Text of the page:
In this tutorial, we will look at how to count the number of distinct values in a vector in R with the help of some examples.

## How do you count unique values in a vector in R?

You can use a combination of the `length()`

and the `unique()`

function in R to count the number of distinct (or unique) values in a vector.

First, use the `unique()`

function to remove the duplicates and then apply the `length()`

function to get the unique value count inside the vector. The following is the syntax –

# count distinct values in vector vec length(unique(vec))

Note that the distinct value count from the above method is inclusive of `NA`

values (if any) inside the vector. See the examples below.

## Examples

Let’s now look at some examples of using the above method.

### Count of distinct values in a vector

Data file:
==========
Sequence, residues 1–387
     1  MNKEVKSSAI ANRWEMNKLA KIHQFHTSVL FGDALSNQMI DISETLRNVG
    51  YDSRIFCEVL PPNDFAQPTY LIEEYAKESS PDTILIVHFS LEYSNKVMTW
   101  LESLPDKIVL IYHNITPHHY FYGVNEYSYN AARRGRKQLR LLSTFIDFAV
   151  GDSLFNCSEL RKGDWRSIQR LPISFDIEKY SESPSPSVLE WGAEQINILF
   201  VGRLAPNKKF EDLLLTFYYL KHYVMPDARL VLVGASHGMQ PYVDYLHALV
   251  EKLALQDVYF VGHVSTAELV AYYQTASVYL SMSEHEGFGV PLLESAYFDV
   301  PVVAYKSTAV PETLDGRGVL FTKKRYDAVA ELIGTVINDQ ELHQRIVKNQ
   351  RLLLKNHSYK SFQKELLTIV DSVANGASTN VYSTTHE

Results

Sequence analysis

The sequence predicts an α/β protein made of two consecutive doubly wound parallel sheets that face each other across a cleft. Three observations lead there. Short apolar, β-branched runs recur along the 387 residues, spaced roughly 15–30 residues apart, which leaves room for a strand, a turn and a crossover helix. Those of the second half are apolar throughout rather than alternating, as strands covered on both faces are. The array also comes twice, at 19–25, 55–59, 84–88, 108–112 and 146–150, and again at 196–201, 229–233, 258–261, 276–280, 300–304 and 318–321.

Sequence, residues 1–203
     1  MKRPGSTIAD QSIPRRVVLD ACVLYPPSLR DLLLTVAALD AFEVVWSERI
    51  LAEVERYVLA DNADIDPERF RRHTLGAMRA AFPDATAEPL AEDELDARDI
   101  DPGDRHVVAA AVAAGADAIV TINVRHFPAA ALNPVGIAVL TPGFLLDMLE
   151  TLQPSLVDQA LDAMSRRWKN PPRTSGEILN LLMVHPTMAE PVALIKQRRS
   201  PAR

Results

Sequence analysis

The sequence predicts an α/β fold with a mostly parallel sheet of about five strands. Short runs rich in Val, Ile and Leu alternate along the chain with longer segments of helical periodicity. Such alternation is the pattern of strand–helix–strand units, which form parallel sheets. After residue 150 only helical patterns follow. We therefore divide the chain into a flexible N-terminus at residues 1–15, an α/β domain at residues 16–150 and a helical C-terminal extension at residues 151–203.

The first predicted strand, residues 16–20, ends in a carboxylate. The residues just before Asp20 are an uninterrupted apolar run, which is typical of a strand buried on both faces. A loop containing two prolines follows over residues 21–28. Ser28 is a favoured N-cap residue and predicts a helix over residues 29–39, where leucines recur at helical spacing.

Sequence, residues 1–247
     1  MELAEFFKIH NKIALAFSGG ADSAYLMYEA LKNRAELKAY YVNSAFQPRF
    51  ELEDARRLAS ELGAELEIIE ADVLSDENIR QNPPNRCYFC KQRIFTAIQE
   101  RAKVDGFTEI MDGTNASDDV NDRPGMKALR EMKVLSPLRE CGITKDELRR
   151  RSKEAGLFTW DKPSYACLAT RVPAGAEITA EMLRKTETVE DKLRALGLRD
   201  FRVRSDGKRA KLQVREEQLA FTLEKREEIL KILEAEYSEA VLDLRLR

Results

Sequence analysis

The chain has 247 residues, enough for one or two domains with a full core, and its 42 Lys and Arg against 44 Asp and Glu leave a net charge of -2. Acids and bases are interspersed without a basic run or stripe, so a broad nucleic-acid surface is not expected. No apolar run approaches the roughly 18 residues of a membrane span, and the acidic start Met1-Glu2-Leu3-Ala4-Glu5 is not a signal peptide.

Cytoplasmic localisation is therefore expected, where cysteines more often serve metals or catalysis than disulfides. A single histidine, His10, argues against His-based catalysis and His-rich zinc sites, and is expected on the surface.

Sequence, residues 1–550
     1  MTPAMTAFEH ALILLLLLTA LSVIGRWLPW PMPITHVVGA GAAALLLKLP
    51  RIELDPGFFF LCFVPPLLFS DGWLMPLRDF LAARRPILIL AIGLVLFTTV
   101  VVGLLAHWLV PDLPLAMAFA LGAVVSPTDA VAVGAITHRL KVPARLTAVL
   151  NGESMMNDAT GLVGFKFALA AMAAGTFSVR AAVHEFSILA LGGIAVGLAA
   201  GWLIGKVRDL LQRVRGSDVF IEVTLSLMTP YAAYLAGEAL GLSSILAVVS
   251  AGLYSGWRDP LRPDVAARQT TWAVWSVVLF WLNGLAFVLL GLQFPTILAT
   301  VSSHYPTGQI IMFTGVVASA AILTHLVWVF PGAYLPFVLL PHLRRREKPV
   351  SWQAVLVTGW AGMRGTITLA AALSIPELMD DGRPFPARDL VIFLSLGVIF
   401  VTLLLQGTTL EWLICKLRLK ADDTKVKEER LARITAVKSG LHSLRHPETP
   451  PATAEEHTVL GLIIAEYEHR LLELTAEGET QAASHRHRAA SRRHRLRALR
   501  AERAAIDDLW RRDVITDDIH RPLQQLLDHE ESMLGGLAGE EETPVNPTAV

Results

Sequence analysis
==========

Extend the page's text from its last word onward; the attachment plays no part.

Let’s create a vector of some numbers (and having some repeated values) and use a combination of the `length()`

and `unique()`

functions to get its distinct value count.

# create a vector vec <- c(1, 2, 3, 2, 3, 3) # count distinct values in vec print(length(unique(vec)))

Output:

[1] 3

We get 3 as the output since there are only three distinct values in the above vector – 1, 2, and 3.

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### Count of distinct values in a vector with NA values

What would happen if our vector contains some `NA`

values?

Let’s find out.

We’ll use the same vector from above with some additional `NA`

values and then apply the same method.

# create a vector vec <- c(1, 2, NA, 3, 2, 3, NA, 3) # count distinct values in vec print(length(unique(vec)))

Output:

[1] 4

Now, we get the unique value count as 4. This is because the `unique()`

function removes duplicates and not NA. Thus we get four unique values – 1, 2, `NA`

, and 3.

If you do not want to include `NA`

in the unique value count, you can remove `NA`

values from the vector before applying the above method.

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